For leaders, the political landscape can be broken down into three groups: the nominal selectorate, the real selectorate, and the winning coalition. The nominal selectorate includes every person who has at least, some legal say in choosing the leader. This means eligible voters in Nigeria are part of the nominal selectorate; all Nigerians of eighteen years or older. These are also called the inter-changeables.
The next group is called the influentials or real selectorate. This group is responsible for accepting the candidacy of a nominee. If President Buhari was in a real political party in a country that practices true democracy, the inner caucus of his party members would have decided his eligibility to recontest, not a few praise singers whose political future depends on Buhari’s victory.
The third group, the winning coalition extends only to those essential supporters, without whom the leader would be finished. In our own case, the essentials are the institutions that, without their support, the President’s effort will be fruitless. These are the Independent Electoral Commission(INEC), the Nigerian Police Force, the armed forces, and other security agents. It is conspicuous that all the essentials, for now, are in support of Buhari, which spells a big doom for the opposition.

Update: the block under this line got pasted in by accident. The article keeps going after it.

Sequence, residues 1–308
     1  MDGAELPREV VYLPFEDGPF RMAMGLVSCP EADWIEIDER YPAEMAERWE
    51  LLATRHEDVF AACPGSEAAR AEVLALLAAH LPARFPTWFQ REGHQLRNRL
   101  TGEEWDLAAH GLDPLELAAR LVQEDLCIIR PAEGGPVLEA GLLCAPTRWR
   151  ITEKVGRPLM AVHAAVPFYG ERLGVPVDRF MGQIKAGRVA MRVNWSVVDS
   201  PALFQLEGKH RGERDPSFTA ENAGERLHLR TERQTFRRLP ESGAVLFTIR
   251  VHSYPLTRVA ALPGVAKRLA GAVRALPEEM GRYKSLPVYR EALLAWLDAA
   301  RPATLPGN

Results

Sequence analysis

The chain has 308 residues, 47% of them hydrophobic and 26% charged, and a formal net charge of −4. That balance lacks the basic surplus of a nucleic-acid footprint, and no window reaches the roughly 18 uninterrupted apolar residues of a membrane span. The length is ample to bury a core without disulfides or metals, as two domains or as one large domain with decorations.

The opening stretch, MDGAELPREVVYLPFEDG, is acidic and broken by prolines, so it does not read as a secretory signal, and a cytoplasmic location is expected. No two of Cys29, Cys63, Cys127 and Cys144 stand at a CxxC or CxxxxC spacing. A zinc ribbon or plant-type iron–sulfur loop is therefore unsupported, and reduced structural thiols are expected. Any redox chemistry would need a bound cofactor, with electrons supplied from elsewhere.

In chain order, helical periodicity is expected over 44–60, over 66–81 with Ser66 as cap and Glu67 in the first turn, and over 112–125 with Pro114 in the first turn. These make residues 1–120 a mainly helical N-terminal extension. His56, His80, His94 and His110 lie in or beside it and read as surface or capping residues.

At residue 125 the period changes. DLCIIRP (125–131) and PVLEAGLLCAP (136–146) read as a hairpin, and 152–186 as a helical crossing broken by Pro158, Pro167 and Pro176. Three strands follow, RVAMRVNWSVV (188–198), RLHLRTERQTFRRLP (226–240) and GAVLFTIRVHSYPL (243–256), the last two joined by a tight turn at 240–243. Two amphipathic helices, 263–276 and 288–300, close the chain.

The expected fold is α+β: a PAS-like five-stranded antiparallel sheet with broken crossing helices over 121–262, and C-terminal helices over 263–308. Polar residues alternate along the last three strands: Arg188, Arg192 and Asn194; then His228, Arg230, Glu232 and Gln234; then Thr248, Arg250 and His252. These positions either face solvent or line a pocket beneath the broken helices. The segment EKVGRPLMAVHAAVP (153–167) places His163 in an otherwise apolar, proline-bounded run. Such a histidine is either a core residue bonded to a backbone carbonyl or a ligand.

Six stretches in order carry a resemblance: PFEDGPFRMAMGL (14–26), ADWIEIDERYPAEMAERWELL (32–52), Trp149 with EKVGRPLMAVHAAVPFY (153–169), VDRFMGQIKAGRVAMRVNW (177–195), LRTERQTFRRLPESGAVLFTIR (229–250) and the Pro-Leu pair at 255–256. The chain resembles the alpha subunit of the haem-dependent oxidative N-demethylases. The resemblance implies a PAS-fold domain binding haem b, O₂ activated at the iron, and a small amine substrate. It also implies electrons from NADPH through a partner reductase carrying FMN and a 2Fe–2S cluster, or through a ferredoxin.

Competition in democracies is cerebral, not physical. Repression works for dictators, but it is a suicidal path to a political oblivion in a democracy, if we are to momentarily call ours a democracy. From a democrat’s point of view, the corollary is that even good public policy does not buy much loyalty.
Everyone consumes policy benefits whether they support the incumbent or not. If a leader cleans up the environment or solved global warming then everyone is awinner, although, of course, the extent to which individuals value these things will vary. But past deeds don’t buy loyalty. When a rival appears with a cheaper way to fix the environment, or the rival finds policy fixes for other problems that people care about more, then the rival can seize power through the ballot box.
Autocratic politics is a battle for private rewards. Democratic politics is a battle for good policy ideas. If you reward your cronies at the expense of the broader public, as you would in a dictatorship, then you will be out, so long as you rely on a massive coalition of essential backers.